According to a report released by the University of Pennsylvania’s Wharton School, the recent student loan forgiveness package and income-driven repayments announced by the Biden Administration could cost Americans as much as $605 billion over the next decade. However, three-quarters of that spending would benefit families earning less than $90,000.
Last week’s transformative plan to lower student debt – now said to be around $1.75 trillion – was heralded by students, Democrat-leaning leaders and some philanthropic organizations happy to see $10,000 eliminated for borrowers plus an additional $10,000 more for Pell Grant recipients. Conservative leaders weren’t thrilled with it, calling it bloated and punitive for those who didn’t take out loans or had paid them off, wondering too how taxpayers would be able to absorb the immense cost. They also were highly critical of colleges and universities, particularly those with large endowments, for increasing tuition costs over the past two decades.
“President Biden’s student loan socialism is a slap in the face of every family who sacrificed to save for college, every graduate who paid their debt and every American who chose a certain career path or volunteered to serve in our Armed Forces in order to avoid taking on debt,” Sen. Mitch McConnell (R-Ky.) said in a statement following the announcement. “President Biden’s inflation is crushing working families, and his answer is to give away even more government money to elites with higher salaries.”
However, Biden has said the plan would not impact the federal budget and would help those in the working class. White House officials have had a field day on Twitter over the past few days, calling out Republican leaders such as Vern Buchanan (R-Fla.) and Marjorie Taylor-Greene (R-Ga.), who accepted large Paycheck Protection Program (PPP) handouts during the COVID-19 pandemic. Sen. Elizabeth Warren, a staunch proponent of an even larger $50,000 in relief for all 43 million borrowers, took a jab at McConnell by saying he “graduated from a school that cost $330 a year. Today it costs over $12,000. He can spare us the lectures on fairness.”
Biden also weighed in. “Some think it’s too much – I find it interesting how some of my Republican friends who voted for those tax cuts think we shouldn’t be helping these folks,” he said. “Some think it’s too little, but I believe my plan is responsible and fair. It focuses the benefit of middle-class and working families, it helps both current and future borrowers and it’ll fix a badly broken system. There is plenty of deficit reduction to pay for the programs … many times over.”
Greene responded to the retort from the White House over her PPP acceptance by telling President Biden to “go to hell.”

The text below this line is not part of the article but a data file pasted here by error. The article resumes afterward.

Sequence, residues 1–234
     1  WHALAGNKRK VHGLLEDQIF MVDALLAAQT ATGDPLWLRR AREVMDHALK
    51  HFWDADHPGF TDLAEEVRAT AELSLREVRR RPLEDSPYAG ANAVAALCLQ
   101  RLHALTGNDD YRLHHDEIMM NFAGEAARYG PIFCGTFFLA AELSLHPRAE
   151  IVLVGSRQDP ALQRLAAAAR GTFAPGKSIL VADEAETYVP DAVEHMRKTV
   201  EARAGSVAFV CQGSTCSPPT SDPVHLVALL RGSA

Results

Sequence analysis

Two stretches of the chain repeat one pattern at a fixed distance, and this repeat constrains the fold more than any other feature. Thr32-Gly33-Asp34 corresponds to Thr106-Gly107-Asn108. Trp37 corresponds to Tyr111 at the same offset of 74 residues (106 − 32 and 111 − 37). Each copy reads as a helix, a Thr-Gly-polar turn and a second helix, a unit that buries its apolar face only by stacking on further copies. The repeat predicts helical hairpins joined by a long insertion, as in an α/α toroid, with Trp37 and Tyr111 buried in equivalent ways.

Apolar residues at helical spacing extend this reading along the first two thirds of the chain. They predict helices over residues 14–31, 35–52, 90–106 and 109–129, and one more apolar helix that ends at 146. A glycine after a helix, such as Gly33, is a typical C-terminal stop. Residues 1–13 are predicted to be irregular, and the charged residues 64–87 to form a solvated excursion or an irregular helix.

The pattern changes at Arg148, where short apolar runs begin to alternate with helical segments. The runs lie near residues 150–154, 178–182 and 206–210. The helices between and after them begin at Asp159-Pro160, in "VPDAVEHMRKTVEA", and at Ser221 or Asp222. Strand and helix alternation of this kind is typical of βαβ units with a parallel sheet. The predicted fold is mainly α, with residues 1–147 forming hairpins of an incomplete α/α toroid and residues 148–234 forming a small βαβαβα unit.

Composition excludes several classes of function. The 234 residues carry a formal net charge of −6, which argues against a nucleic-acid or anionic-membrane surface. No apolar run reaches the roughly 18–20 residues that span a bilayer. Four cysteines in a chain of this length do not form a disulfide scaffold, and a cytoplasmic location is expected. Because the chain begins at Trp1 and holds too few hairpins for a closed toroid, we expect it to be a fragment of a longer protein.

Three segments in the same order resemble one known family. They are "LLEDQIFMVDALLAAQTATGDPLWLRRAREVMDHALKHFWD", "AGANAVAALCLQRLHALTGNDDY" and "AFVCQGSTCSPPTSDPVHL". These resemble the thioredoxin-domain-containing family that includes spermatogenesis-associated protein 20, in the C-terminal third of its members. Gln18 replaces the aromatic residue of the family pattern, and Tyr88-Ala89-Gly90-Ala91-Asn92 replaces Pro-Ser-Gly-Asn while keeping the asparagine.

Inside the numbers
The initial cost of the plan in 2022 would total $486.6 billion in loan forgiveness, $16 billion in forbearances and $41.6 billion for income-driven repayment. Over the next 10 years, the government would spend between $5 billion and $6.5 billion each year on forgiveness and between $2.6 billion and $4 billion on IDR, for a total of $605.4 billion.
The pool for those who qualify is expansive and includes those who’ve had loans and earn less than $125,000 year, plus couples making $250,000 annually. Biden has assured those who want to follow through an easy path to get forgiveness. As to forbearances, Biden pushed repayments back for the sixth time, giving borrowers a final extension until Jan. 1, 2023, when they would begin again.
One concern from Republicans that could come to fruition is that the current plan modeled by Wharton shows that these are “static assumptions” and that there is the possibility because of increases in costs or other factors that forgiveness could top $1 trillion. Income-driven repayments alone would total around $70 billion. Wharton’s model not only accounts for those who have held loans in the past but also current students, thus some of the increases from early figures that showed it would cost around $330 billion.
“The new features in the new IDR proposal could sharply increase take-up rates,” study authors, led by Penn Wharton Budget Model junior economist Junlei Chen, noted. “Even many borrowers who anticipate not being qualified in future years would typically be better off enrolling in the intermediate years in which they are qualified. There would also be financial incentives for future borrowers to shift education financing toward more borrowing to take advantage of the 5% repayment threshold. If the Department of Education simply auto-enrolled borrowers for which it had sufficient information (i.e., switched from “opt in” to “opt out”), the additional costs of the IDR program alone could reasonably exceed $450 billion.”
Lowering debt responsibility, lowering the threshold for income repayment, and increasing Pell grant awards (which got a boost to $20,000 under the Biden plan) may allay concerns over retention and enrollment in the short term and will help past borrowers. However, if colleges continue to raise tuition in response to inflation, that could eliminate any positive gains and might not impact future students.